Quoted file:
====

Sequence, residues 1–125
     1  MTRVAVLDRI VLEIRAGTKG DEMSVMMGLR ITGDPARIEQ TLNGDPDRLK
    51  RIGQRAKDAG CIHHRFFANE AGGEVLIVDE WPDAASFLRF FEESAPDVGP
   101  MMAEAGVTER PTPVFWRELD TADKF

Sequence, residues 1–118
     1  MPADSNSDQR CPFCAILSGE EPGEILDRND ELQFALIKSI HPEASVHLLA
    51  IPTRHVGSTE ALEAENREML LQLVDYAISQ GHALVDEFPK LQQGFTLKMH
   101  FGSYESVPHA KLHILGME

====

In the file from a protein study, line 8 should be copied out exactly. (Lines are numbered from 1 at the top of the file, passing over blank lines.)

   101  FGSYESVPHA KLHILGME